A Christianity Today article suggests “Children may be the people most receptive to quiet, reflective spiritual formation.” The article takes a good look at what sounds a lot like the Montessori-based The Catechesis of the Good Shepherd, but doesn’t name any specific program. What they found will be surprising to many from the program-driven children’s ministry set…. turns out kids are quite capable of benefiting from a quiet, contemplative spirituality. In other words, it turns out they don’t really need an activity-based video-enhanced highly stimulating environment in order to find God. Whoodathunkit?
Hat Tip for the CT article to Emergent-No, of all places, since I spotted the link on the Emergent-No aggregator, a new service by Justin Baeder & Co to aggregate Emergent-No and Slice of Laodicea so that everyone whose comments are censored or who are otherwise banned from posting on those sites can post comments on this site instead. Alan Hartung describes it as “Same content, different comments” and intends to post there. This is amusing, but I have to say I’m skeptical of the value of “dialogue” with those folks, based on past performance. Nevertheless, this whole thing is probably an early Christmas present for Bob Hyatt.
As suggested in a comment on Bob’s Blog, these folks do remind me of Marguerite Perrin, the psycho-christian in the recent episode of Trading Spouses. I saw the episode while flipping channels, and in true FOX fashion, a brief snippet was enough to drop your jaw and glue you incredulously to the tube for the rest of the hour. Not one of the things I’m proud of, but I succumbed.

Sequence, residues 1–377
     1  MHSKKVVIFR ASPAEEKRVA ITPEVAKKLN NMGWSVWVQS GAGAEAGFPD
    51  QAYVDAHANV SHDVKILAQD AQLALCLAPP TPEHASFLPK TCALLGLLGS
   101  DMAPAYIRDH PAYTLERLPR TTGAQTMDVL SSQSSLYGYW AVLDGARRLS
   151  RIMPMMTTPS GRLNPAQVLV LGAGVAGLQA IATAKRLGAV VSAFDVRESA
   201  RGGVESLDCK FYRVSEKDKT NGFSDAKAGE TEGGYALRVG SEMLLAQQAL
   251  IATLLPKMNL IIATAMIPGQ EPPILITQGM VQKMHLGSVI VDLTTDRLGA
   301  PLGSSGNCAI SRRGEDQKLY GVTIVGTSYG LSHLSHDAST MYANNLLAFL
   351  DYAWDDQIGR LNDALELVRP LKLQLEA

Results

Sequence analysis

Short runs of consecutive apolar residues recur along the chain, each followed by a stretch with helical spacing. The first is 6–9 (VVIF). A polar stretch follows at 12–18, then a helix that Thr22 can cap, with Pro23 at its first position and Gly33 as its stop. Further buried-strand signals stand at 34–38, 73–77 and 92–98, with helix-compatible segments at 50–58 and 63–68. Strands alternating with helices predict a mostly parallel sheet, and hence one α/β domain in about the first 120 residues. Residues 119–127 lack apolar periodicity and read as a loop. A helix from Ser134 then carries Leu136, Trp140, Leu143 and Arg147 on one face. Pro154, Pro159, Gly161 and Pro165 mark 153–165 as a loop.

Anyway, contrary to popular belief, emerging church people do not eat their young. You just can’t convince some people of stuff like that. I’ve been thinking about it lately, remembering the Sting song, Russians (okay, you youngsters that are considered “emerging generations” may have to just bear with us old fogies and click through to read the lyrics at the end of the link and Google half the words… you see, there was this thing called The Cold War…). So anyway, the reason I’ve been thinking about it all comes down to what was probably a heartfelt question, but one which came across with “a tone” during the panel discussion I took part in recently. The final question we took before the lunch break was from a lady in the back of the room whose face I couldn’t see due to the television-studio lighting. The question was, in essence, “What about the kids?” as in “Okay, sure, yeah, well, but what about the kids?” I fielded the question at face value, but I was asking myself later if there hadn’t been something behind it, if the questions wasn’t half accusation. I asked some folks who were there to be sure it wasn’t just me and they thought maybe it was intended to trip us up, as though this question would catch us on something.
So even if some people seem to think it’s a sign of intelligence deficit, we “emerging church people” love our children at least enough to make them teddy-bear pancakes. There, I said it. We’re not monsters. In case you’re wondering, what I said in response to the question began with the words, “I promise you, there’s nothing we struggled and wrestled with more….” I think this is pretty normal. The corollary for me broke through one day when it dawned on me, “If the old way of ‘doing church’ isn’t good enough for me, how could it be good enough for my kids?” In some fashion I haven’t fully apprehended, this marked the point of no return.